Evanston RoundTable, January 19, 2012
He was born in war, suffered grievously during war, is even named for war. Now Guerra Freitas, who has lived in south Evanston since 1998, devotes his life to helping the people of his native Angola.
A country of 19 million people about twice the size of Texas that is located in southwestern Africa, Angola won its independence from Portugal in 1975 after 30 years of fighting that devastated the land, leaving millions dead or displaced and the country’s infrastructure shattered.
The civil war that followed independence lasted another 25 years, wreaking more deadly destruction. Today average life and infant mortality rates are among the worst in the world. Half the population does not have access to safe water and basic sanitation.
Like most of his countrymen, Mr. Freitas, who is now 39, suffered deeply. When he was five, his father, who had been fighting the Portuguese, was captured and held captive for 20 years. His mother struggled to care for Guerra and his four brothers.
At nine, he ran away to a neighboring village to attend school, so his mother would have one less mouth to feed. The school was blown up by one of the civil war factions, so he continued his schooling in another village. He finally got his high school diploma and was a schoolteacher when he was struck again by tragedy.
In 1992 his young wife and infant son were killed by gunfire running for cover during a civil war firefight in the regional capital of Kuito. Mr. Freitas, who was with them, was unhurt, but was left emotionally devastated. Sadly, he says, the experience “was not unique. I know whole families who were gunned down.” More personal tragedy followed: seven members of his extended family died from starvation during the civil war.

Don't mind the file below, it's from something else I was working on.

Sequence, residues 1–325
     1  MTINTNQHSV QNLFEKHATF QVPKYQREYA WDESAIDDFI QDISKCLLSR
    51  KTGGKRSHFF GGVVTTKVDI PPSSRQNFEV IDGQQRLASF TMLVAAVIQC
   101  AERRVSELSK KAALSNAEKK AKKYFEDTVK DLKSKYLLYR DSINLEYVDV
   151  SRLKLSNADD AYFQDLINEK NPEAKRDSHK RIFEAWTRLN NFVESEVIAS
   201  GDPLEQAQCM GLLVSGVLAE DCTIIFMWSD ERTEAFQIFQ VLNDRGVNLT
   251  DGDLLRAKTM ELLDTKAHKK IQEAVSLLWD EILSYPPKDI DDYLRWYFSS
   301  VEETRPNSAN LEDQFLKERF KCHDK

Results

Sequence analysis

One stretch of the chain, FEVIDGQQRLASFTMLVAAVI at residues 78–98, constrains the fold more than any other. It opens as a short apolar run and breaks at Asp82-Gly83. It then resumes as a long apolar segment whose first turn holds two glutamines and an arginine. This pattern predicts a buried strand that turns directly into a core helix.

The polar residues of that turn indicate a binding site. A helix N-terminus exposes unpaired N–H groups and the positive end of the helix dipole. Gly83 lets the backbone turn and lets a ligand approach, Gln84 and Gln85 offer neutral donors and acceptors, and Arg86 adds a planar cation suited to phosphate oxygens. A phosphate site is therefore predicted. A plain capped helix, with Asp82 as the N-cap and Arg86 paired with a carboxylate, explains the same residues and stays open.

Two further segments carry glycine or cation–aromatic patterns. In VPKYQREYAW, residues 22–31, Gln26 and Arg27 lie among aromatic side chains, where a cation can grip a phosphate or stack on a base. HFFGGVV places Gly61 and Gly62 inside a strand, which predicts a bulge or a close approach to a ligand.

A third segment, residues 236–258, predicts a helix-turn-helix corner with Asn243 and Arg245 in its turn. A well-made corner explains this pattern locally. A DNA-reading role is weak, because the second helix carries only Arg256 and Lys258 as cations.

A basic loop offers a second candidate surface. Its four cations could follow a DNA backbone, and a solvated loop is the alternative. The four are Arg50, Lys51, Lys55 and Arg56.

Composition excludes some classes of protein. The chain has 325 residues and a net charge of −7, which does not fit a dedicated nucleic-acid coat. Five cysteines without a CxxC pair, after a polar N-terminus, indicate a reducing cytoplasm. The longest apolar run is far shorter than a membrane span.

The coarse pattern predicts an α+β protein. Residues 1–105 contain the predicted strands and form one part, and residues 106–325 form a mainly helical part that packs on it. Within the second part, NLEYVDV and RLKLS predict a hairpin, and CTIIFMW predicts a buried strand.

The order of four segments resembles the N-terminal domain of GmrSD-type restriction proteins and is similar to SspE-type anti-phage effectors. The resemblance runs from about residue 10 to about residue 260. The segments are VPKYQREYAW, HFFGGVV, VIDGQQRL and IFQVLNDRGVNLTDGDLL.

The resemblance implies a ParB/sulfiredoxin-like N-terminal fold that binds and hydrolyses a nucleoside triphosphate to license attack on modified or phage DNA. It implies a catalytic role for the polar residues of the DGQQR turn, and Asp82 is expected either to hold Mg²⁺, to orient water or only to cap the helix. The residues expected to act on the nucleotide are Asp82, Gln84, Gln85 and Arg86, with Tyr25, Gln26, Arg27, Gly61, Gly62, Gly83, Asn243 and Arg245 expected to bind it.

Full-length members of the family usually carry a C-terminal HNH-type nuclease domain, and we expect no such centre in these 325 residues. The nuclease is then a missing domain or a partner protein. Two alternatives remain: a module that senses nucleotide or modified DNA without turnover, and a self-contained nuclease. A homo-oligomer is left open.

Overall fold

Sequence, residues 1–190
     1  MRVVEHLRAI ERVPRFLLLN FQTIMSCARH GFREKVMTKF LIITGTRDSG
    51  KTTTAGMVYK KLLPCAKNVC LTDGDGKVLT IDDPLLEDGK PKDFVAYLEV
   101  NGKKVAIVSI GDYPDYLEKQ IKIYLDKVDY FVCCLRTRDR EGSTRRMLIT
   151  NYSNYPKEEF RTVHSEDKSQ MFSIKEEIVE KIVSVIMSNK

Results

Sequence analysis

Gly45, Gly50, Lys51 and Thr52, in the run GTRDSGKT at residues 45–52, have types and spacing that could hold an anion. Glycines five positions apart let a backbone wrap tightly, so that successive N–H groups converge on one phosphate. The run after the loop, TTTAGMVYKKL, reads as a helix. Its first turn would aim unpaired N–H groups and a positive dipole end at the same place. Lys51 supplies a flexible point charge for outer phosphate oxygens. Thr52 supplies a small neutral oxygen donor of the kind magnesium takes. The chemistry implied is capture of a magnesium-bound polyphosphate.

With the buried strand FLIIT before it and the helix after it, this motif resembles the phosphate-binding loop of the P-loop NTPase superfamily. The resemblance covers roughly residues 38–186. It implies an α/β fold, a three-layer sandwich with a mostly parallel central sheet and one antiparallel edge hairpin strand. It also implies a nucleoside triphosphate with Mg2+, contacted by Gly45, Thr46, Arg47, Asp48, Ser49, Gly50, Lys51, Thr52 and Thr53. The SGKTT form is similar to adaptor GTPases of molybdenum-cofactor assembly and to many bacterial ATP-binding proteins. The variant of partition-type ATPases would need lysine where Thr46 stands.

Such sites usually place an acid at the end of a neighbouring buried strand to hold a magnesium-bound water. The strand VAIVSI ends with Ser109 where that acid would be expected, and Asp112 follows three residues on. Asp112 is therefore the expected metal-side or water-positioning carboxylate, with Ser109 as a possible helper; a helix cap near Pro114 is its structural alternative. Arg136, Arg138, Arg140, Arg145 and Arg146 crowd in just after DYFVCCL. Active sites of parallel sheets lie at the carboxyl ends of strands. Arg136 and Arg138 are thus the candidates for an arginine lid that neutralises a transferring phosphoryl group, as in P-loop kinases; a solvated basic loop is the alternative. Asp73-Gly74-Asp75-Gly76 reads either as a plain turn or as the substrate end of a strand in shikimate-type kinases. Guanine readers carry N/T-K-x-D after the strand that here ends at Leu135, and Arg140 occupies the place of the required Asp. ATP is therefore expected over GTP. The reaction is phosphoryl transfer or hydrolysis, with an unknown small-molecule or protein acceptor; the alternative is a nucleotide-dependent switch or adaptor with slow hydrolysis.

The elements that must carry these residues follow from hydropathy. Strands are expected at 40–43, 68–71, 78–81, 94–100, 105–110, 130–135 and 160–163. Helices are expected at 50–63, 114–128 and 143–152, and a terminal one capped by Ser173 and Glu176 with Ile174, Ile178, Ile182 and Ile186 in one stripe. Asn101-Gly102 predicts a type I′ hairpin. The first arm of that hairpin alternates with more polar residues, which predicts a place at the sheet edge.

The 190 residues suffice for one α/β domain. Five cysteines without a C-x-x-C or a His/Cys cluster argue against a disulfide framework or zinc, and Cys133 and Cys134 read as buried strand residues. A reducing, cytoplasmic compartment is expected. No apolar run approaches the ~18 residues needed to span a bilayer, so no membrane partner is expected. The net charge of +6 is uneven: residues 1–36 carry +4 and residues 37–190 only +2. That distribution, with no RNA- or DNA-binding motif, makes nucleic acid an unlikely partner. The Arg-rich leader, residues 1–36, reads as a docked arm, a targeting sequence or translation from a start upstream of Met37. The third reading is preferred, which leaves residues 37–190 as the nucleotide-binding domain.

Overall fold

He eventually remarried and had two more children, a daughter and son. In 1994 he went to work for CARE, a not-for-profit U.S.-based agency dedicated to fighting poverty worldwide. In his first job he translated Portuguese into English for the CARE staff. He did well and moved up in the organization, eventually supervising food distribution, land mine removal, refugee assistance, and water, sanitation and health care. In 1997 CARE sent him to America to testify about land mines before a Congressional committee and at other forums in Washington and Atlanta.
During a 1997 seminar on conflict resolution he attended in Sierra Leone he met Dr. Patricia Deer, a mediator with the Chicago Center on Conflict Resolution, who was one of the speakers. She challenged Mr. Guerra about his life: what did he want to achieve? He told her he wanted to get a college degree, and during the next year, she encouraged and guided him to come to Chicago, where he attended East-West University, eventually graduating head of his class.
During his years in school he lived at the Reba Place communal home in south Evanston, helping to pay his room and board by caring for an elderly resident with muscular dystrophy.
“We got to know him well,” says Julius Belser, retired pastor of Reba Church, who still lives at the home. “We admired his dedication and stick-to-it-ive-ness, and we’re in awe of his love and care for his family.”